Because all of it is excellently done: brisk fuzz leads, whirring bass, a bit of the Beatles vocally, a touch of Wes Montgomery in the guitar solos—a definitive album, in fact, in the prevalent style of “hip” groups over the past two years. The only trouble is that there are hosts of American bands (and presumably British as well) who are into the same bag with equal facility and taste. The excitement of true innovation is missing—which may not be a valid criticism, since most rock is folk music anyway, but that’s what makes albums like this one so much less arresting than many others…Their version of the Byrds’ “I See You” is especially nice, although none of their own compositions are very memorable.

Image result for yes time and a word      Image result for yes time and a word

The second Yes album cover was hastily reshot for the US version with newly acquired guitarist Steve Howe on the cover, although he didn’t play at all on the record. Howe played a similar style to Banks and his Gibson ES-175 hollow body brought a similar sound to the band as Banks’ ES-335. Howe’s reputation on the circuit was as a low key but tastefully improving guitarist, but not a forceful and flashy personality like Banks. Time and a Word featured some fairly heavy handed orchestral overdubs which stepped all over Banks’ guitar in the mix, and rendered Kaye’s organ work nearly invisible. A short attempt to demo this live in  concert left Banks even more dissatisfied-and he was gone. But with a new guitarist under their wing, the band soldiered on to create their first mini masterpiece, the meticulously ‘assembled from little song bits’ lp the Yes Album. Recorded six months after Banks departure, it brought some new success to the band. But while on tour in 1971, the axe fell again-and founding keyboardist Tony Kaye was left curbside for pickup. Two founding members leaving in a year? Many thought Yes was in big trouble. This is where our story begins:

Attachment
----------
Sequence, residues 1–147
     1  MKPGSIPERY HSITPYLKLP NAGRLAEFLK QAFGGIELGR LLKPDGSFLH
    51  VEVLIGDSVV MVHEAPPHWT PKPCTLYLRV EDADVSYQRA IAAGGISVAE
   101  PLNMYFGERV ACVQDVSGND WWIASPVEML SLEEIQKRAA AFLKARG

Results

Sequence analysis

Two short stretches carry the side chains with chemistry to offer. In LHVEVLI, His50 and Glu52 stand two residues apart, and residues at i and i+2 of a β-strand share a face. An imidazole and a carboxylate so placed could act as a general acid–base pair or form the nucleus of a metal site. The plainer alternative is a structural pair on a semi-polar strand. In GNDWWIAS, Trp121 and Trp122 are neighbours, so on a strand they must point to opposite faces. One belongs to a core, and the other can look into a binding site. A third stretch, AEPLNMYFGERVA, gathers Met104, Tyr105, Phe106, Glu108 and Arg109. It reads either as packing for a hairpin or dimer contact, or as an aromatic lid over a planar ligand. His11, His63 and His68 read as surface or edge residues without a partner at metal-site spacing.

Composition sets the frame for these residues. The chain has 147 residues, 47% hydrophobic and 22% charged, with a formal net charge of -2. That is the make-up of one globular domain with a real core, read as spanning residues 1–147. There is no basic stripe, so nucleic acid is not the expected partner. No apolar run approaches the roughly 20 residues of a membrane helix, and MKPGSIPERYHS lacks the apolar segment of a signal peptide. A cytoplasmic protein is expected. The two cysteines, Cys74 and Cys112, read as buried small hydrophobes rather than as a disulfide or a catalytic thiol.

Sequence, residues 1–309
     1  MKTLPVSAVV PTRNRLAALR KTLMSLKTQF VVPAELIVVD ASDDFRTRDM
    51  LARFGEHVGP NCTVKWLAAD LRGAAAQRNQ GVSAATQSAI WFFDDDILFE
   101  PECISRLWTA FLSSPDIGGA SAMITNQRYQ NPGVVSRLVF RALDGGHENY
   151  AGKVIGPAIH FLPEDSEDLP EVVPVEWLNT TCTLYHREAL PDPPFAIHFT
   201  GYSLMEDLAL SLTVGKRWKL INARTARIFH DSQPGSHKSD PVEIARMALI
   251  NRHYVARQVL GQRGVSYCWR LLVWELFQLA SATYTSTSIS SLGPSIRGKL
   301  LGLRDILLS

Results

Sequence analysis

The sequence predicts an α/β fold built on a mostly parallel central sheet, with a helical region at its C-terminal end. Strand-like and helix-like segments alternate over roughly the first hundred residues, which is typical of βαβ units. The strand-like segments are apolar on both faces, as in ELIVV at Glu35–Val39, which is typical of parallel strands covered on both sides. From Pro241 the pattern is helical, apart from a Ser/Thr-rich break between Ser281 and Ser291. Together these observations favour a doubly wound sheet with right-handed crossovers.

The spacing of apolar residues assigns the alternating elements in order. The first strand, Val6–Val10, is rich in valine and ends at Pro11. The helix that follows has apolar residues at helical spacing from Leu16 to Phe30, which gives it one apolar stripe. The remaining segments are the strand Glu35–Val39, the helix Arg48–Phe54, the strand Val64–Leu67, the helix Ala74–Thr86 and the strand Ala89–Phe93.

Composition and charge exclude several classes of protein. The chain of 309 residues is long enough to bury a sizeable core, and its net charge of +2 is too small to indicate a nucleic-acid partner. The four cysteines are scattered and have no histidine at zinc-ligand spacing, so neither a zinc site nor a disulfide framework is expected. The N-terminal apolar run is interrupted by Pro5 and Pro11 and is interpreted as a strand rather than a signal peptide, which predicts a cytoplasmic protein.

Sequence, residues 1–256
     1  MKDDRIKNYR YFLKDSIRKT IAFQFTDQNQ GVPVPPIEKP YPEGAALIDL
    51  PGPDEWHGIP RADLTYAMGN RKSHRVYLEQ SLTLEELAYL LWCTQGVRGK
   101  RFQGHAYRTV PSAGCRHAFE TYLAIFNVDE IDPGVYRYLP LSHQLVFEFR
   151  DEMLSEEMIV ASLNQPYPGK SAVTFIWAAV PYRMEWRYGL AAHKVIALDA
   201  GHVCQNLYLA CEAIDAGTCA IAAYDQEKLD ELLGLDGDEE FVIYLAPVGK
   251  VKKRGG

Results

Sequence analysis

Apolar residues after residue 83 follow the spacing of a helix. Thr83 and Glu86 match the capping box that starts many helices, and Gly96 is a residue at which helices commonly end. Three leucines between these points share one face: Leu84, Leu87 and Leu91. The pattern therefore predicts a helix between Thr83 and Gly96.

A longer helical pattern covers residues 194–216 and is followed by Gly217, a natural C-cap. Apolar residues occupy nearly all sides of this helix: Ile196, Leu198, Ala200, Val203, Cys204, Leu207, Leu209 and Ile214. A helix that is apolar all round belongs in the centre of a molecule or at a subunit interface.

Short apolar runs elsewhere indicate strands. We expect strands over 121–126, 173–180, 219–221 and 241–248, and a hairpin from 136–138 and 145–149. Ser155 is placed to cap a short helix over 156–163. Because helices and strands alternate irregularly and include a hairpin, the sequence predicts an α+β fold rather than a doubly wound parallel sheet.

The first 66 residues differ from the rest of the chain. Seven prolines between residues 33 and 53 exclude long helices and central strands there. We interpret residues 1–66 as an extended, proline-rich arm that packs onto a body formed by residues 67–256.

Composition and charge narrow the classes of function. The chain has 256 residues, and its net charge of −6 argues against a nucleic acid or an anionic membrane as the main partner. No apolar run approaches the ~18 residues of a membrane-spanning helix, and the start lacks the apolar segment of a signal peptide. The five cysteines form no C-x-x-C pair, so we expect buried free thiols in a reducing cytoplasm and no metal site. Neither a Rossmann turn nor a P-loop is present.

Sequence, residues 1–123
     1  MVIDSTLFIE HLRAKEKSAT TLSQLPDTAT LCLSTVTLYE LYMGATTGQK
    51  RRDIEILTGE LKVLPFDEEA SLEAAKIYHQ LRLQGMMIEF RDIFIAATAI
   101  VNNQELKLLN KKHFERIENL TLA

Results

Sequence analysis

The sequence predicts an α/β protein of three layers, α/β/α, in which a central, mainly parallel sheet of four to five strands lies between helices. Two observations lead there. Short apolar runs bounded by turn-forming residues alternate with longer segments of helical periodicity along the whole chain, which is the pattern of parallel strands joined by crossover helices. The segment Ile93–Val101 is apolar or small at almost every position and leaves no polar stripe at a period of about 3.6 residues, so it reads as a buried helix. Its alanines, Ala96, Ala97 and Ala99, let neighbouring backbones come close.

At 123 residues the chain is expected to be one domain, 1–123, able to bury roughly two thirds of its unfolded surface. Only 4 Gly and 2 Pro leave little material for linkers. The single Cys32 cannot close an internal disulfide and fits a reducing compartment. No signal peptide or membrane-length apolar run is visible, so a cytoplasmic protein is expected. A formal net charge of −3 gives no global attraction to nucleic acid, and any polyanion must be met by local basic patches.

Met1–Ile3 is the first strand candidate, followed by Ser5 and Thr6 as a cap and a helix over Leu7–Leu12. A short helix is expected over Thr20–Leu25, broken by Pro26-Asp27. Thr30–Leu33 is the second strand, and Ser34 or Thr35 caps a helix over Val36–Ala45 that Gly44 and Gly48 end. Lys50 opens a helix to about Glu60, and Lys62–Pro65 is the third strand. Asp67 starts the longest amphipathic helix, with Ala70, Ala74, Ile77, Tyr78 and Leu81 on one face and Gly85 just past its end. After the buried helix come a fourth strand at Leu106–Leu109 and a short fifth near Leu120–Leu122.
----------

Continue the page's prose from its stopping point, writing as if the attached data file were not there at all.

Flash (clockwise, from left), drummer Mike Hough, bassist Ray Bennett, guitarist Peter Banks and vocalist Colin Carter.